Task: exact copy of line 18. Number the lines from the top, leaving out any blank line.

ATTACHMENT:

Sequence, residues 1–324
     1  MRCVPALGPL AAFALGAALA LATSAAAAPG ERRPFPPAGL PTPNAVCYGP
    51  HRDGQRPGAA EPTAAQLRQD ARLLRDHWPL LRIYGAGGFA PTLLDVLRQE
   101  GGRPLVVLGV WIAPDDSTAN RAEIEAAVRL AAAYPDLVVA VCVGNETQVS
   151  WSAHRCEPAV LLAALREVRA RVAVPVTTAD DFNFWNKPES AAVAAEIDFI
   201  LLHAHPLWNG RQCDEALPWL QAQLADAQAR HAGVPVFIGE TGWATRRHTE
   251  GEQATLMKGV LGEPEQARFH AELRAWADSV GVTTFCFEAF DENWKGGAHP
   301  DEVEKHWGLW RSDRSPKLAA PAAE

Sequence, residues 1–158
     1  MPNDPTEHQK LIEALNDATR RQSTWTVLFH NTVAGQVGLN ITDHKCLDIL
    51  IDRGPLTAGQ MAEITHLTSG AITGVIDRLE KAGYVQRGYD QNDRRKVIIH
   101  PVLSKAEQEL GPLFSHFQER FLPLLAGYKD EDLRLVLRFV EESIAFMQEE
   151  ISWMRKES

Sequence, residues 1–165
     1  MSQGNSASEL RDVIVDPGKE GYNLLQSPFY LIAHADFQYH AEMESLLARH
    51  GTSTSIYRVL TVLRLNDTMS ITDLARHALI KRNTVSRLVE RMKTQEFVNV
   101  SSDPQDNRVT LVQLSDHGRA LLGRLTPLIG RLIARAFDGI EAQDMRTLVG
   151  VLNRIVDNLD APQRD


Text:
   151  VLNRIVDNLD APQRD